Then why do you think Chicago rose to the prominence that it did? In an era where transportation and communications were not nearly as diffuse and decentralized as they are today, where and how do you think all the various commercial, manufacturing, shipping, etc., activities would have taken place?
i fully agree with you that transportation was the key pin. But there is a lot that goes into the destiny of any city that cannot be attributed to just natural advantages of location. I don't see an automatic would fall into place just due to transportation alone.

I have stated earlier that the fire allowed chicago to be incredible laboratory for new urbanism in the critical late 19th century era when American cities were on the rise. How the fire contributed to the Burnham Plan and the open lakefront contributed to the quality of life that we were able to offer that made the city an attraction.

I also think that the Loop's tight water boundaries were somewhat akin to Manhattan's island status that allowed both New York and Chicago to centralize with density that contributed to its urban power.

I don't disagree with you that first transportation was a huge issue for the city's development and second that arguably no American city built its success on transportation to the degree that Chicago did. I'm only saying that there are other factors that determine whether a city can rise to regional apex and that some regions, as noted, have no one powerhouse.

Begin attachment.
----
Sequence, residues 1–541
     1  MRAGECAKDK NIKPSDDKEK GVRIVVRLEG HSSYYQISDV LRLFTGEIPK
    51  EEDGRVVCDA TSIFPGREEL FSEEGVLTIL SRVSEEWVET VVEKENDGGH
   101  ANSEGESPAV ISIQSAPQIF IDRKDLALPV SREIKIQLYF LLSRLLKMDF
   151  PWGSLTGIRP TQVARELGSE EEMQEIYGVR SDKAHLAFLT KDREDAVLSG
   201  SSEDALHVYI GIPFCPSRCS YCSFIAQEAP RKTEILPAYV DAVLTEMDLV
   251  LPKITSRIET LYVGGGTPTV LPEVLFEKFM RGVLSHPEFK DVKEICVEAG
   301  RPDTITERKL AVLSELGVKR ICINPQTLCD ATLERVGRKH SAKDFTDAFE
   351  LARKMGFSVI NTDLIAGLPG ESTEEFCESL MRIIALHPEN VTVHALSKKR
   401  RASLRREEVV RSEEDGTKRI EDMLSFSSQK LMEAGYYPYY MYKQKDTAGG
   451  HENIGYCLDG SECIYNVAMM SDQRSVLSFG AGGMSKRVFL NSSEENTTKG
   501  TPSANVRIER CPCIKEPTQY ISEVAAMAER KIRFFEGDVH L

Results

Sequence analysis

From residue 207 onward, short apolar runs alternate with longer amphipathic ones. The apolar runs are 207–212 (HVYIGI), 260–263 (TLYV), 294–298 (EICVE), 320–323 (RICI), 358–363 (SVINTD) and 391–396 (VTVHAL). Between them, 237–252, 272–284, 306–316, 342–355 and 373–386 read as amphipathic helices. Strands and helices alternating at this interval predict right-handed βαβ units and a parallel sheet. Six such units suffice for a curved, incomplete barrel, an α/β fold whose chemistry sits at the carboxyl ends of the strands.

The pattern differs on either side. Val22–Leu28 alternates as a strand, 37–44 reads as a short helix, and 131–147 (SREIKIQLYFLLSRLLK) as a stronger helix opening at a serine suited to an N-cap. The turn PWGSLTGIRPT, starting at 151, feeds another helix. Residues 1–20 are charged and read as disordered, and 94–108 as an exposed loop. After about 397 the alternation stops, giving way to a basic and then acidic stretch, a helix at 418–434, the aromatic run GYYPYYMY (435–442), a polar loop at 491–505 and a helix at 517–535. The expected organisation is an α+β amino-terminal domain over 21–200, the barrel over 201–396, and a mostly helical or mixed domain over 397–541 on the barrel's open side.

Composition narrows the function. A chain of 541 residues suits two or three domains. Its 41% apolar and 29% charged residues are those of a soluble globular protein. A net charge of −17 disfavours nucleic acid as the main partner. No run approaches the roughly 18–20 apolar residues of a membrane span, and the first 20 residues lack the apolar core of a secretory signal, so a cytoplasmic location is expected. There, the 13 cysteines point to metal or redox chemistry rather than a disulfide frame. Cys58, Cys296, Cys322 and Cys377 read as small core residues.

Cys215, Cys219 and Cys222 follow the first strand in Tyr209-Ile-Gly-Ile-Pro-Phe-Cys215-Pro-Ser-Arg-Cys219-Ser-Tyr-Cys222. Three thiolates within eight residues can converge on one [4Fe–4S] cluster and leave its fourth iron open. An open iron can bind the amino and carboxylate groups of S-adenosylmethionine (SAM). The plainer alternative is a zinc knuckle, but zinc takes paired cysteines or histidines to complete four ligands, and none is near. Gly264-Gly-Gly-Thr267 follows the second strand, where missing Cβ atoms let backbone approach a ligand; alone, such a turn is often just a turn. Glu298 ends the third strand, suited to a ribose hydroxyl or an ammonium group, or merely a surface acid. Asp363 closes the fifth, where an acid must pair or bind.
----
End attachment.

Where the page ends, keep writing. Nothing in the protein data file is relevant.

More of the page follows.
Cities are still people and they are organic and the success of any is never assured. All the advantages that Chicago had would have been meaningless if it hadn't been a real huckster type of town that always had the ability to sell itself.
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Old 04-03-2009, 09:42 PM
 
Location: Chicago
38,704 posts, read 95,333,152 times
Reputation: 29787
Nobody ever said Chicago's rise was "automatic," so I don't know why you keep bringing it up. Obviously there's a little more to it than "build it and they will come." Obviously, the city would not be what it was if they just built the canal and said, "OK, we're done here, let's all go home." At this point I have to wonder if you're being deliberately obtuse.

And you still didn't answer my question: In an era where transportation and communications were not nearly as diffuse and decentralized as they are today, where and how do you think all the various commercial, manufacturing, shipping, etc., activities would have taken place? IMO the only other contender would have been St. Louis, but it didn't have the advantage of being right on the Great Lakes and the subsequent ability to easily access the entire Great Lakes region from Minnesota and Ontario to Montreal and Quebec, and eventually the Atlantic, and all of the natural resources available there, particularly lumber. That's a huge advantage St. Louis didn't have.

As for the Chicago fire, it may have given the city a "fresh start" but its population trajectory was already on a very steep upward slope before the fire.